A member of the governing board of the U.S. State Department’s Fulbright program from Atlanta says the $400 million in study abroad scholarships given out in fiscal 2010 is widely recognized as money well spent.
But she is concerned that the current climate in Washington might lead to reductions in international education budgets, and inhibit the development of programs for sub-Saharan countries.
Shelby Lewis, professor emeritus from Clark Atlanta University and vice chair of the J.W.Fulbright Foreign Scholarship Board, told GlobalAtlanta in a wide ranging interview at her home in Cascade Heights that government cutbacks brought on by the slow economy might negatively impact the program’s funding.
“We are hoping that Fulbright will not be subjected to deep budget cuts for fiscal 2012,” Dr. Lewis said. “There is a good case to be made that it is in the national interest of the United States to continue this exchange program at a level that is responsive to the need for international teaching, research, degree training and cultural enhancement opportunities for future American and international leaders.
She added that in addition to the program’s educational and diplomatic benefits, the U.S. also benefits financially by attracting international students who, she said, contributed about $21.3 billion to the U.S. economy last year.
Fulbright scholarships make up part of the State Department’s Bureau of Educational and Cultural Affairs budget allocated by the U.S. Congress. Other sources of funding, however, also exist.
Countries participating in exchanges with the U.S. contribute to the Fulbright budget, but the costs are not always evenly split. The remainder of the program’s funds comes from corporate and individual donations.
President Obama’s proposed 2012 budget, which was introduced in February, requested $252.7 million for the program, down slightly from $253.8 million in 2011.
Congress has yet to finalize next year’s budget and the possibility exists, Dr. Lewis said, that the Fulbright program might be targeted for reductions along with budgets across the entire government spectrum.
Fulbright’s expenditures fluctuate from year-to-year based on the exact number of awards granted, but there are usually about 8,000 awards given annually.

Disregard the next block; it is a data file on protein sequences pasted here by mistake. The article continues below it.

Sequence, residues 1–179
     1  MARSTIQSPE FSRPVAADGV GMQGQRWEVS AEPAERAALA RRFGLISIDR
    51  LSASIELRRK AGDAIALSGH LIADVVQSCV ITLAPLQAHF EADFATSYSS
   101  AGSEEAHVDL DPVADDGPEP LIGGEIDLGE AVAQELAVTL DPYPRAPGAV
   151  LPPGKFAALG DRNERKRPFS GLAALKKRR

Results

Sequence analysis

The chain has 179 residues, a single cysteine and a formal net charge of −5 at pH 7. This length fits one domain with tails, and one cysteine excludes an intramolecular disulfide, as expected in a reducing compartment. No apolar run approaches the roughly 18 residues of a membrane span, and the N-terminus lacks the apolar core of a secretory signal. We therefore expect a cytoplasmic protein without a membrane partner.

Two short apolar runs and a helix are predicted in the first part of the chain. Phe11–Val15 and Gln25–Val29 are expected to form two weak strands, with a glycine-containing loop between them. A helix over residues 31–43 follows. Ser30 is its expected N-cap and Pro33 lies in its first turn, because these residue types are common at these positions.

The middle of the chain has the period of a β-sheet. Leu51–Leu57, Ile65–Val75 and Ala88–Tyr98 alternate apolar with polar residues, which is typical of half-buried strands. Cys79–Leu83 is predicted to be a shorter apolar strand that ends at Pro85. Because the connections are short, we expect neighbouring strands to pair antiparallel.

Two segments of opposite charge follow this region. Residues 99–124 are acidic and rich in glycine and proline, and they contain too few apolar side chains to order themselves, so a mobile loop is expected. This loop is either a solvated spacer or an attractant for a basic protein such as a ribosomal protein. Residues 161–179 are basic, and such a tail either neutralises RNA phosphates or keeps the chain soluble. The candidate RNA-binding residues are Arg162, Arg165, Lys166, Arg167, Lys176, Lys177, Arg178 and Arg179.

Dr. Lewis also said that she would like to see the program more actively engaged with African countries individually, noting that there are no Fulbright Commissions in any sub-Saharan country.
Even using the generic term “Africa” for the more than 50 countries on the continent contributes to policy and funding decisions for the entire continent rather than specific countries, she added.
“This regional approach often results in budgets that are stretched far too thinly to spur the kind of change needed to promote and sustain national development, democratization and peace,” she said. “We are not getting to a critical mass of people in each country, the benefits and gains are too scattered to really make a sustainable difference.”
And she recommended Angola, Botswana, Ethiopia, Kenya, Senegal, Uganda and Zambia for greater engagement.
The program has expanded steadily since U.S. Sen. J. William Fulbright of Arkansas introduced legislation in 1945 to use proceeds from sales of surplus war material to fund international education.
President Truman signed the bill into law the next year and in 1948 the first Fulbright-funded scholarships sent 47 U.S. students to China, Myanmar and the Philippines, and brought 36 international students here. Since then the program has expanded to 155 countries and funded 310,000 students studying abroad.
About 50 countries have Bi-National Fulbright Commissions to counsel and provide financial support to potential applicants. U.S. embassies handle applications from countries in which there is not such body.
Dr. Lewis described Mr. Fulbright’s vision for the exchanges as enhancing official relations between the U.S. and other governments.
“He and a number of others maintained that Fulbright participants are cultural ambassadors,” she said. “It’s a people-to-people type of diplomacy.”
Students, teachers and professionals can apply for scholarships in virtually any field from agriculture to visual and performance arts, business, education, the humanities, law, mathematics, public policy and the sciences.
Dr. Lewis added that the program has emphasized language education in recent years, sending Americans abroad to teach English and bringing foreign students and educators to the U.S.
She became involved with the program when she received a Fulbright Senior Lecturer Award to teach political science at the National University of Lesotho in 1982, which she described as her happiest overseas assignment since she was accompanied by her husand, also a Fulbright scholar, and her two sons and daughter.
Fulbright participants sometimes end up in official foreign policy positions. Dr. Lewis noted that a number of ambassadors to the U.S are Fulbright alumni as well as six current or former ambassadors to the United Nations.
Other past participants include 359 current and former heads of international government, 52 Nobel Prize winners, 78 Pulitzer Prize winners and 46 members of the current Congress.
Dr. Lewis earned her doctorate in political science from the University of New Orleans and served on the board of the Council for International Exchange of Scholars which implements Fulbright’s scholar and graduate student programs.
She was vice president of international development at the United Negro College Fund/SP and Mr. Obama appointed her to the Fulbright board in November 2010.
For more on the Fulbright program, go to http://fulbright.state.gov
GlobalAtlanta would like to learn about the experiences of current or former Fulbright scholars in the Atlanta area who are encouraged to contact us by email or to call the office at 404-377-7710.